Difference between Dwarf Planet and Planet

Key difference: A planet is an object that orbits the Sun in an elliptical orbit, has compounded its matter in a spherical shape, and has cleared its orbit of other debris. While, a dwarf planet also orbits the Sun, has compounded its matter in a spherical shape, but has not cleared its orbit of other debris.

A planet is a large object that orbits around a star or a stellar remnant. This is mainly due to its own gravity and gravity of the star that allow the planet to have an orbit around the star. The orbit is usually elliptical in shape, mainly depending on the gravitational force of the planet and the star.

The gravitational force of the planet is strong enough that it leads the planet to be rounded, i.e. compound its matter in a spherical shape. A planet has also cleared its neighboring region of any other debris. The planetesimals, i.e. other debris, should either get absorbed into the planet, or if it big enough to have a gravitational force of its own, it might become a satellite of the planet, i.e. moon, or will just float away into space.

As per the International Astronomical Union (IAU), “A "planet" is a celestial body that: (a) is in orbit around the Sun, (b) has sufficient mass for its self-gravity to overcome rigid body forces so that it assumes a hydrostatic equilibrium (nearly round) shape, and (c) has cleared the neighbourhood around its orbit.”

Hence, as per this definition, there are currently eight planets in our solar system: Mercury, Venus, Earth, Mars, Jupiter, Saturn, Uranus, and Neptune, in order of distance from the Sun.

On the other hand, IAU defines a dwarf planet as “a celestial body in direct orbit of the Sun that is massive enough for its shape to be controlled by gravitation, but that unlike a planet has not cleared its orbital region of other objects.” The term dwarf planet was adopted by the IAU in 2006 as part of a three-way categorization of bodies orbiting the Sun.

As per the IAU's final Resolution 5A, planets and other bodies, except satellites, in our Solar System can be defined into three distinct categories:

  1. A planet is a celestial body that (a) is in orbit around the Sun, (b) has sufficient mass for its self-gravity to overcome rigid body forces so that it assumes a hydrostatic equilibrium (nearly round) shape, and (c) has cleared the neighborhood around its orbit.
  2. A "dwarf planet" is a celestial body that (a) is in orbit around the Sun, (b) has sufficient mass for its self-gravity to overcome rigid body forces so that it assumes a hydrostatic equilibrium (nearly round) shape, (c) has not cleared the neighborhood around its orbit, and (d) is not a satellite.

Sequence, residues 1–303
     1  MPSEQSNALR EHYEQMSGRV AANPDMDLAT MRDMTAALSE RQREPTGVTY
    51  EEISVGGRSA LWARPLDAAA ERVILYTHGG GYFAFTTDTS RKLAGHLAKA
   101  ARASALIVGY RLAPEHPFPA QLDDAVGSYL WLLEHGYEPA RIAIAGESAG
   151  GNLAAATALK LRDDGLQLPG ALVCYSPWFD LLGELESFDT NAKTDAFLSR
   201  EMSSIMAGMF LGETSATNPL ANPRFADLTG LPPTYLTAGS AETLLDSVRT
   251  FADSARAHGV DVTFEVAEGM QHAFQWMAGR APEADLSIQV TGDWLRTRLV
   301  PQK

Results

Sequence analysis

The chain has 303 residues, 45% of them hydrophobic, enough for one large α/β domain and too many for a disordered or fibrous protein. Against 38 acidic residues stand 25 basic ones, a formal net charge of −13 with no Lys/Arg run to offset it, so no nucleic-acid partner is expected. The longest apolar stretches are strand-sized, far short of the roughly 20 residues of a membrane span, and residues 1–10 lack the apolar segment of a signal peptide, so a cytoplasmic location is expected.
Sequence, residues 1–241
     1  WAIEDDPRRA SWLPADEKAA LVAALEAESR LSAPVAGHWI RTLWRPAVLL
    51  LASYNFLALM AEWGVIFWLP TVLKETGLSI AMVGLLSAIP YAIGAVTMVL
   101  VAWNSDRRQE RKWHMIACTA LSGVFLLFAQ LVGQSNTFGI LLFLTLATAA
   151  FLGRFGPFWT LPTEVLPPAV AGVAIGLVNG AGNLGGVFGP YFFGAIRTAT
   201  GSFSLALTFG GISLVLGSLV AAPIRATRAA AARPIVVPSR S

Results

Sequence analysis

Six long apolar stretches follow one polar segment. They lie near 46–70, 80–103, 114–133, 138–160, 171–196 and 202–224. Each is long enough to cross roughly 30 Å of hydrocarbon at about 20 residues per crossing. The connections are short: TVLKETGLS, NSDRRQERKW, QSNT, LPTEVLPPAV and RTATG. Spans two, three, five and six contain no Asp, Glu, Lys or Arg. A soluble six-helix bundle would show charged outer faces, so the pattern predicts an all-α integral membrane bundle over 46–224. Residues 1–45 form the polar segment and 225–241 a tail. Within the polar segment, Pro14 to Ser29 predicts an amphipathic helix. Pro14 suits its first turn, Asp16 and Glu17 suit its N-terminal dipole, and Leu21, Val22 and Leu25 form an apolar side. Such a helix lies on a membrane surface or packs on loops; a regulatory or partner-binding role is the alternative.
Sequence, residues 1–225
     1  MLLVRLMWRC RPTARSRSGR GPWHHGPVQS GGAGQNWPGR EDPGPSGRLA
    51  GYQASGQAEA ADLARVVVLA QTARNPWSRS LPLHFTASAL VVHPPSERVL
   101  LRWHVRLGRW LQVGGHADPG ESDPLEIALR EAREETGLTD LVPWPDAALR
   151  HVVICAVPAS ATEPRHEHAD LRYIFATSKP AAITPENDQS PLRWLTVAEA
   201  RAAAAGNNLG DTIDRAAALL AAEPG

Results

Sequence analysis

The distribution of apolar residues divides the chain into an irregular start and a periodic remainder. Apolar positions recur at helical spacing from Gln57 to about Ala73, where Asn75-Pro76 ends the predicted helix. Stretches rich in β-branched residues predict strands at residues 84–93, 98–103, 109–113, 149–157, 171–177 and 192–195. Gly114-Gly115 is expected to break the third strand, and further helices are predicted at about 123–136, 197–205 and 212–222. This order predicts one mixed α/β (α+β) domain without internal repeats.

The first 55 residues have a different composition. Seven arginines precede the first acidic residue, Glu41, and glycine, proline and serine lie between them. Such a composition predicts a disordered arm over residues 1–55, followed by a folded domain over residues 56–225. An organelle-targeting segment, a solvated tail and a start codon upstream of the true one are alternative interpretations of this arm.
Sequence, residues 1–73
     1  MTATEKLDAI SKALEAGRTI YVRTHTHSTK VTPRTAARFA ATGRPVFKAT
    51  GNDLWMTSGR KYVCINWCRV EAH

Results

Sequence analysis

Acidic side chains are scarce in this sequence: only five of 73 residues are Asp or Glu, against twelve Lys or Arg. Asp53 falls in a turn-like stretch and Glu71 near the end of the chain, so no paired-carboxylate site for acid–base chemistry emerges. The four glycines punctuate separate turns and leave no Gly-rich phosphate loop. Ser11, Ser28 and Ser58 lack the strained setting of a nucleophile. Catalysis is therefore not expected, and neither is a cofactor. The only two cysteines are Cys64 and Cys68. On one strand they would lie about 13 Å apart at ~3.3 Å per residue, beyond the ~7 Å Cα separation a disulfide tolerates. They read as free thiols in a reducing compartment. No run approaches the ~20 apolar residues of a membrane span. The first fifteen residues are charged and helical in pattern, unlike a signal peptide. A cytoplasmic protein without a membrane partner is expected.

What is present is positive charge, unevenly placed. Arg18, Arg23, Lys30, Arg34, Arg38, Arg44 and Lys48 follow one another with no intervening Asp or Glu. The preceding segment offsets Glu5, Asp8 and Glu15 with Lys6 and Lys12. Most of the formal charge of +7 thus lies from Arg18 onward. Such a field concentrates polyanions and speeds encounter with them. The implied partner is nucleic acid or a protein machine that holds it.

3. All other objects, except satellites, orbiting the Sun shall be referred to collectively as "Small Solar System Bodies."

The need for this three-way categorization arose as more and more trans-Neptunian objects were discovered. These trans-Neptunian objects, i.e. objects located further than Neptune, were equal to or even bigger than the size of Pluto. Furthermore, it was discovered than Pluto was actually roughly one-twentieth the mass of Mercury, or one-fifth as massive as Earth's Moon. In addition, it was discovered that Pluto has some unusual characteristics such as large orbital eccentricity and a high orbital inclination. Hence, it was completely different than the other planets.

According to the previous categorization, all of the newly discovered trans-Neptunian objects would also be classified as planets, even though, like Pluto, they did not fit the traditional definition of a planet. So, the new three-way categorization model was adopted. Under this model, Pluto was demoted to a dwarf planet, while other solar object that were too big to be classified as asteroids but did not meet the requirements for a planet were also classified under dwarf planets.

Currently, the IAU recognizes five dwarf planets in our Solar System: Ceres, Pluto, Haumea, Makemake, and Eris. However, only Ceres and Pluto have been observed in enough detail to demonstrate that they fit the definition. Hence, the other may or may not be reclassified as new information is available. It is estimated that there may be 200 dwarf planets in the Kuiper belt of the outer Solar System, and up to 10,000 in the region beyond.

In summary, a planet is an object that orbits the Sun in an elliptical orbit, has compounded its matter in a spherical shape, and has cleared its orbit of other debris. While, a dwarf planet also orbits the Sun, has compounded its matter in a spherical shape, but has not cleared its orbit of other debris. 

Image Courtesy: earthsky.org, factfile.org

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